Posted by: faithtravelfocus | September 6, 2010

Philadelphia Opens New History Window

Liberty Bell in Philadelphia

Religious liberty – the freedom to worship as we choose – was not always part of American culture. You can learn some of that story in a new museum near Philadelphia’s Independence Mall. 

The Smithsonian’s newest affiliate museum –  National Museum of American Jewish History – will open mid-November with stories of the Jewish experience in America from 1654 until now. The new five-story 100,000 square-foot building offers interactive exhibits which explore the challenges faced by Jews since they arrived on this continent. 

It also celebrates accomplishments and contributions of Jewish Americans throughout the nation’s history. A multimedia exhibition – Only in America Gallery/Hall of Fame showcases the achievements by people as diverse as Albert Einstein and Jonas Salk to Barbra Streisand and Estee Lauder. 

Why Philadelphia? 

Religious tolerance was a cornerstone in the City of Brotherly Love’s development. And it inspired America’s destiny. Pennsylvania’s founder, William Penn, was a pioneer in this realm. He established his colony as an “example to the nations,” and his 1701 Charter of Privileges guaranteed religious freedom to all who joined him. Many fled religious oppression in Europe to participate in Penn’s 18th century experiment.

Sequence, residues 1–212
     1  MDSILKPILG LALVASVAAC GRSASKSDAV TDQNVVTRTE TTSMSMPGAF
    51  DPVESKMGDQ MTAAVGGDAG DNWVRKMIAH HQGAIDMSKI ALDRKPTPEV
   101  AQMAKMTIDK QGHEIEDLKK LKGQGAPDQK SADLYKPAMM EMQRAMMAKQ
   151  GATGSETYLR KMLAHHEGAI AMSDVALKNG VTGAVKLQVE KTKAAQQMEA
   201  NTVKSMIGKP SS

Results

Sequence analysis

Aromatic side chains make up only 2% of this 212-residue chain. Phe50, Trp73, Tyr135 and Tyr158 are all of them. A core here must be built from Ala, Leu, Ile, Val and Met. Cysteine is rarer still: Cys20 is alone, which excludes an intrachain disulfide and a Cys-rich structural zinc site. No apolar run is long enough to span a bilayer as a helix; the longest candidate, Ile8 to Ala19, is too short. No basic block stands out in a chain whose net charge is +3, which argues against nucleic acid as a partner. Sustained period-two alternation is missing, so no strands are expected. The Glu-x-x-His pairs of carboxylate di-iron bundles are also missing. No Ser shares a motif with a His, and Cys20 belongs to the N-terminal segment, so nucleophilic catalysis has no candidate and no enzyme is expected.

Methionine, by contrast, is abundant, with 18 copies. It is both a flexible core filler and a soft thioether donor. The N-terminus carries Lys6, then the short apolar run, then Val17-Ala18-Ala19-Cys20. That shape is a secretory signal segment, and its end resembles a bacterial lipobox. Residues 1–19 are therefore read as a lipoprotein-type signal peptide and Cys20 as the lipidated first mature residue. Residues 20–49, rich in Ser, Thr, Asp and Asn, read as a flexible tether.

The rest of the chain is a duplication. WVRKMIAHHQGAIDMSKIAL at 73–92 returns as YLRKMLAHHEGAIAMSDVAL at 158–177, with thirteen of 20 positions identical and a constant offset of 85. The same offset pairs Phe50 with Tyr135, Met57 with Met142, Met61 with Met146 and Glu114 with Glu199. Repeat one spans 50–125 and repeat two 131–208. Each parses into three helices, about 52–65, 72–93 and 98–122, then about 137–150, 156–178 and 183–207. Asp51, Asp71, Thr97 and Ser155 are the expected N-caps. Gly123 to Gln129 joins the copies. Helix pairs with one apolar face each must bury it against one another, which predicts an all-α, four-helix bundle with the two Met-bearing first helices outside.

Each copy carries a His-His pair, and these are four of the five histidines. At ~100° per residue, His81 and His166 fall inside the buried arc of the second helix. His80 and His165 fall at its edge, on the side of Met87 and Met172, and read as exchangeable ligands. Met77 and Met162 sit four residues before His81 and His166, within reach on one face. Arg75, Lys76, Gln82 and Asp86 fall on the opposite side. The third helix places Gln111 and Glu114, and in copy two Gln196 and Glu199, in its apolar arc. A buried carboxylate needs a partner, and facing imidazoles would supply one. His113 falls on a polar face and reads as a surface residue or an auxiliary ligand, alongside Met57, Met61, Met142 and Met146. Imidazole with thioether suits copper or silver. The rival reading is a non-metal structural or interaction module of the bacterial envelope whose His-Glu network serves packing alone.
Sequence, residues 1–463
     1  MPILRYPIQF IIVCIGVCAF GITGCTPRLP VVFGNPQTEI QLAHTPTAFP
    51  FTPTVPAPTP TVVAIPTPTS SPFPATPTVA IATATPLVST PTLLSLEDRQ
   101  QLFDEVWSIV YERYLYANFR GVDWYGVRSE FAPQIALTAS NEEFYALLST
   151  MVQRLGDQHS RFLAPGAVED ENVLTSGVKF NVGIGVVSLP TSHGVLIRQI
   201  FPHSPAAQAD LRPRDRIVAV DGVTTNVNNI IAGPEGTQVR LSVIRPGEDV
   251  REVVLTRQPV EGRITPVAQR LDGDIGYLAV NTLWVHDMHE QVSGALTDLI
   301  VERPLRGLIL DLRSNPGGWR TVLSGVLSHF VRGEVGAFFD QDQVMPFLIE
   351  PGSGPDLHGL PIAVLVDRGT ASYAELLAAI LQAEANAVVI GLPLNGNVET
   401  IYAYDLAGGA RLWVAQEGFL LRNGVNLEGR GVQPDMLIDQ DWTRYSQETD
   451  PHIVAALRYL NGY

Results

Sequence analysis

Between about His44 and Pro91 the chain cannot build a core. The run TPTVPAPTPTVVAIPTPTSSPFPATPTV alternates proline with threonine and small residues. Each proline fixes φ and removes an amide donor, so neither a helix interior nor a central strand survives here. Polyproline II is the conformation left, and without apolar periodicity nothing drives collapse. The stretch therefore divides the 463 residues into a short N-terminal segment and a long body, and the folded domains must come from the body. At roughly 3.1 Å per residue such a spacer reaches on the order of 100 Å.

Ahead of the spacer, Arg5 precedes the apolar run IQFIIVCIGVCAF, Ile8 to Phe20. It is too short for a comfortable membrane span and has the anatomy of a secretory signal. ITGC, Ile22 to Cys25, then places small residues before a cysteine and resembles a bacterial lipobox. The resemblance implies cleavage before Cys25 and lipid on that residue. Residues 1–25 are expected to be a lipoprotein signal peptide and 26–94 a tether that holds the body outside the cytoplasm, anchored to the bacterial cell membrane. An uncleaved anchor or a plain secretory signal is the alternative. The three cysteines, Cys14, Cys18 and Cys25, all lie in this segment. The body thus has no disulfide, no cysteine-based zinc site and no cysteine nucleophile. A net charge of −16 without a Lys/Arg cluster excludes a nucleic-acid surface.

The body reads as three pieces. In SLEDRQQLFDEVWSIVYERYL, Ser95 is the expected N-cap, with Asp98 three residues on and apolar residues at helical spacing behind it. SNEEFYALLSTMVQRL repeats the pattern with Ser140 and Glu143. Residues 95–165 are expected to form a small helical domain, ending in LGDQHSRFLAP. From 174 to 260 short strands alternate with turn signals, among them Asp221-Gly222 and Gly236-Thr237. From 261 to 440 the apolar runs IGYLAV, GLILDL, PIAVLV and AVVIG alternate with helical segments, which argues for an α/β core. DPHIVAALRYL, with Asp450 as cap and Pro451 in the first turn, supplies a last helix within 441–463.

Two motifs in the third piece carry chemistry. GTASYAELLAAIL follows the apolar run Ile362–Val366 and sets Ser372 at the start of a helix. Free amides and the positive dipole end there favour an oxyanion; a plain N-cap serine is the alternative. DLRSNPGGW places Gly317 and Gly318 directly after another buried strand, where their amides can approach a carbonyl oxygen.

Pennsylvania welcomed Quakers, Lutherans, Anglicans, and Mennonites along with Catholics and Jews. This tolerance helped make Philadelphia (by 1775) the largest city in the colonies. No wonder it became bedrock for the “American experiment” in democracy. 

The new Jewish heritage museum isn’t the only reason to visit Philly this fall for some backward glances. 

The President’s House Commemorative Site in Independence National Historical Park will be open around the clock so visitors can see exposed underground remains of the home where Presidents Washington and Adams lived during their terms. Interpretive panels, videos and a spot for silent reflection combine to recognized nine enslaved people who served the first president as he led young American in its pursuit of freedom and equality.

For more on Philly’s latest cultural icon, visit

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